“I am concerned about how Europol can continue to exercise in an efficient and effective way to help member states fight organized crime and terrorism, and that means we have to ensure that today what is a very significant operational partner for Europol is somehow preserved in the future in an efficient way,” he said.
The problem is what level of access the Brits should get to Europol after they leave the bloc. The Brits would love to keep full access to the agency’s databases, which contain information ranging from vehicle and gun registrations to the names of organized criminals, foreign fighters and suspected terrorists.
But Wainwright said that could result in other non-EU countries such as the U.S. and Russia demanding the same access, which would pose problems ranging from “operational security and data security” to “privacy concerns.”
The second option would be to strike an agreement similar to the one Denmark, which has opted out of EU justice and home affairs policies, has. The deal allows six to eight Danish officers to be based at Europol headquarters, where they process requests from the Danish security services. Wainwright said that kind of deal might not be acceptable to London, which would have to deal with many more requests than the team from Copenhagen does.
A further gap that needs to be filled, according to Wainwright, who is moving to Deloitte’s cyber team once he finishes at Europol, is the EU’s response to cyberthreats. As with money laundering, it’s a problem dealt with on a national, not an international level.
“There is a gap and the challenge for all of us in the European community is to try to mitigate the effects of that gap,” he said “How can we as the EU community make sure we have the right collective response to this threat, while still observing the treaty line saying this is a sole competence of member states? We have to flip our way of thinking.”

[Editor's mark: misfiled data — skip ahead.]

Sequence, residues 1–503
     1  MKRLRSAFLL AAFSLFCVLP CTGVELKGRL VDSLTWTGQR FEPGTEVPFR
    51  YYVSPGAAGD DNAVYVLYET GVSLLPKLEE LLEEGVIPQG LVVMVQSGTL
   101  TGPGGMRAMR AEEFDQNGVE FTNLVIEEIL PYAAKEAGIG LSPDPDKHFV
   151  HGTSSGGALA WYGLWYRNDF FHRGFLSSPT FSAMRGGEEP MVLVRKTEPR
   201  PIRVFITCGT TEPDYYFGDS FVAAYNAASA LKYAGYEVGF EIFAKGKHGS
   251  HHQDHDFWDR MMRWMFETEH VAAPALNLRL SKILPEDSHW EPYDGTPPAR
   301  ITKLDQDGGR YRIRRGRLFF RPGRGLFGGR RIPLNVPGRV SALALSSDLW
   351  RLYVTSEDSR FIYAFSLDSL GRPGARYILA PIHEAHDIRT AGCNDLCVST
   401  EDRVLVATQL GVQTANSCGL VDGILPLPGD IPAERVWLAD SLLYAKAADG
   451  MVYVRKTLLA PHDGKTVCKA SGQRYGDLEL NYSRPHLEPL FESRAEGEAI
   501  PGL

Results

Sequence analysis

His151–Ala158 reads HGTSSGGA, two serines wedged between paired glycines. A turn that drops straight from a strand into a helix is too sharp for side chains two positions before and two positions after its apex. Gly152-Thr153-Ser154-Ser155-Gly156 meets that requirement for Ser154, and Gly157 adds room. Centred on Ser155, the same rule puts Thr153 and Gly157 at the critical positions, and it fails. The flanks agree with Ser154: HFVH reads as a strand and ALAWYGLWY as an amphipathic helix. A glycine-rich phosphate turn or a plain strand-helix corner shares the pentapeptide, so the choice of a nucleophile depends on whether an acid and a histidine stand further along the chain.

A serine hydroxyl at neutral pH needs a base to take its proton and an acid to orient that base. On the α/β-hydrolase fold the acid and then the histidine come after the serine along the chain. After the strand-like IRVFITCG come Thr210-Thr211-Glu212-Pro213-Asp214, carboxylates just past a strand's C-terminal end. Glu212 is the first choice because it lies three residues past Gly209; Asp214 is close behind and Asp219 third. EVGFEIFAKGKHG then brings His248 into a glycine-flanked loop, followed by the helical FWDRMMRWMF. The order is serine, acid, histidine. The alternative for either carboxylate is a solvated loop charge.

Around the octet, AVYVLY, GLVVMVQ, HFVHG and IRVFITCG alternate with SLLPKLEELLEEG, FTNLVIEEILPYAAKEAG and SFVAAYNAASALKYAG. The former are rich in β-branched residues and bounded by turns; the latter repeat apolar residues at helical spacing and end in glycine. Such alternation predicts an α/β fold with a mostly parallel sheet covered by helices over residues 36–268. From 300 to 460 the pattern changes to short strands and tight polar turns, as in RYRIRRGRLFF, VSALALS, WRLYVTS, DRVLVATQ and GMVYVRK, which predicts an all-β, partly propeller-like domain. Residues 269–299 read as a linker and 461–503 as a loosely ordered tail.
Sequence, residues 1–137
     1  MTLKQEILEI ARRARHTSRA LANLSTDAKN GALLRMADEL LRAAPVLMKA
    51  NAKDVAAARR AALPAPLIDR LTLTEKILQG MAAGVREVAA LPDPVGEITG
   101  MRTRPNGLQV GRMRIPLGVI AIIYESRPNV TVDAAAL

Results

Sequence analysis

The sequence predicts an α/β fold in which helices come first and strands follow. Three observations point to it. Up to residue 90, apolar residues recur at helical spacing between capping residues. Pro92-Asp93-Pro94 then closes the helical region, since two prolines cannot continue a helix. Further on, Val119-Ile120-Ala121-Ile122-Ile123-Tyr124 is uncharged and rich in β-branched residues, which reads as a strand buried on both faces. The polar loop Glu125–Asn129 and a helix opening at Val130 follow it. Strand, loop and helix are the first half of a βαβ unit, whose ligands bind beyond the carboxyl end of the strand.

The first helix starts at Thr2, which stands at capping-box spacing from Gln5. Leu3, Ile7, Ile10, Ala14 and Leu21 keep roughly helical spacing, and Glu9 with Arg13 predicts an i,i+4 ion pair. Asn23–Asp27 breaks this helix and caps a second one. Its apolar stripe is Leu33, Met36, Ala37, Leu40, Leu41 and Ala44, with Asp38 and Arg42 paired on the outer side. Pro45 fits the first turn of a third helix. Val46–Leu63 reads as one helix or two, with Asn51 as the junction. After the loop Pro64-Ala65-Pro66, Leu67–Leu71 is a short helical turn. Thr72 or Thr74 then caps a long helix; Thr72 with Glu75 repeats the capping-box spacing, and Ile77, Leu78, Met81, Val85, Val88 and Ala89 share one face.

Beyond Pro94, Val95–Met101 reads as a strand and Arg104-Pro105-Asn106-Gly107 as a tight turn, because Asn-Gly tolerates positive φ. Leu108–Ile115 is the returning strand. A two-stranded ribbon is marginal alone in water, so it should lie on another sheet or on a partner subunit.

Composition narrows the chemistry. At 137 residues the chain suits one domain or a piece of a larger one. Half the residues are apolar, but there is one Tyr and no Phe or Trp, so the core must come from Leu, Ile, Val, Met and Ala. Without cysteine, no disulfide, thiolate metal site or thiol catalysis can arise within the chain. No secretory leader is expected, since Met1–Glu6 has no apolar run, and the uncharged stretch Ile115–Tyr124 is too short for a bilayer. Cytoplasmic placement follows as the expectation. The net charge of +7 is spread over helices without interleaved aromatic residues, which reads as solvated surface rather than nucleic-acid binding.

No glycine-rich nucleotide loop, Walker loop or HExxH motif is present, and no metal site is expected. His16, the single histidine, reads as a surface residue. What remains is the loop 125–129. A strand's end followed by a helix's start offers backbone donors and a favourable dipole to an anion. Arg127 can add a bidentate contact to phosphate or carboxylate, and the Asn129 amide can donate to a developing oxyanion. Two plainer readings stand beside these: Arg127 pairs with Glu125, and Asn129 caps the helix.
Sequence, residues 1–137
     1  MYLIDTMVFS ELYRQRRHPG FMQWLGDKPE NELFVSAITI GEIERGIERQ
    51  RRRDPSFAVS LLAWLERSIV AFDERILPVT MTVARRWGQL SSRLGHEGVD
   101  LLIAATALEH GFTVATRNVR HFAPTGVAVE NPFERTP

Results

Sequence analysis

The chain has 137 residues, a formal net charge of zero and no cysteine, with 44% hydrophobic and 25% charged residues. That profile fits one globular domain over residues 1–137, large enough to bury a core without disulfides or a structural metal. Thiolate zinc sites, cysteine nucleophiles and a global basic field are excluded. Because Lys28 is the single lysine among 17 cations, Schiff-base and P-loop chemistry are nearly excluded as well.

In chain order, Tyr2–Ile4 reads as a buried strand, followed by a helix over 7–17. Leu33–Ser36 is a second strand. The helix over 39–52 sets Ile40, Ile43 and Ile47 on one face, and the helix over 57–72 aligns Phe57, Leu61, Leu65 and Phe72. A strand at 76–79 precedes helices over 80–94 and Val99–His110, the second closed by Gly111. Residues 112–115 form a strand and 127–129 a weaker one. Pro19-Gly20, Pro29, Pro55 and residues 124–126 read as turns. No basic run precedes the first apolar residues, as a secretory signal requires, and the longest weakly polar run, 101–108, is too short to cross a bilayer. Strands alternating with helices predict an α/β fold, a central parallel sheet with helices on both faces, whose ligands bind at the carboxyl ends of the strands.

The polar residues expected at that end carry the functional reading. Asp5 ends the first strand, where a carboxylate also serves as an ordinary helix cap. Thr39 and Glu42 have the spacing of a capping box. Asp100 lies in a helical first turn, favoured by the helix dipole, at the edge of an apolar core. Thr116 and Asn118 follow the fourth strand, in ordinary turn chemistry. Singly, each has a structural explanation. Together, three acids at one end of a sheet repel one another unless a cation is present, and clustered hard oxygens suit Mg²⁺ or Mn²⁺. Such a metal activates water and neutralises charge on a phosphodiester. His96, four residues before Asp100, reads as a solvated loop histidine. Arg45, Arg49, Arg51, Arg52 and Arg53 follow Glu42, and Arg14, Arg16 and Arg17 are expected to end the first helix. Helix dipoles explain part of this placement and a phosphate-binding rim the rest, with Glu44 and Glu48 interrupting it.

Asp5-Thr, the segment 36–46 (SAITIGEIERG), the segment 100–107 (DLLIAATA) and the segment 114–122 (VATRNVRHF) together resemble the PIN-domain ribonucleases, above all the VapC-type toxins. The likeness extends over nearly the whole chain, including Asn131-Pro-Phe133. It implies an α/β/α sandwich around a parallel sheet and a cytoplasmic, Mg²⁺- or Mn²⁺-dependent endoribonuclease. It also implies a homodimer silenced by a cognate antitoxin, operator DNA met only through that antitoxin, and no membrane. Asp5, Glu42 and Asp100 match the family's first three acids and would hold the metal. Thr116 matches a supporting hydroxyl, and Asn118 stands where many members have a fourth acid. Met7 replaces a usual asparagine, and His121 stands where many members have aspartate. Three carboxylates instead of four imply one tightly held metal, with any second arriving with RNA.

Wainwright has been luckier in his fight to convince countries to share more on topics related to terrorism such as foreign fighters.
“The intelligence black hole has been more or less filled,” he said, “At the time of the Brussels attacks [in March 2016] … we had 6,000 intelligence entries in the Europol information system relating to terrorism. Today, two years later, it is half a million.”
The role of the agency has also changed during his mandate. In 2016 the European Parliament approved new powers for the law enforcement agency, pushing countries to provide more information, and making it easier for Europol to set up specialized units on terrorism.
The agency also stepped up its “internet referral unit” to combat online terrorist propaganda by working with social media giants to remove material from terror groups such as ISIS aimed at recruiting Europeans.
Such changes and political pressure allowed the agency to support many more counterterrorism investigations than it did in the past. In 2017, it helped in 439 counterterrorist operations in Europe, up from 127 the year before.
Wainwright conceded that there are still “parts of the black hole that are not filled,” but “it’s completely different from two or three years ago.”
show source https://www.politico.eu/article/europe-money-laundering-is-losing-the-fight-against-dirty-money-europol-crime-rob-wainwright/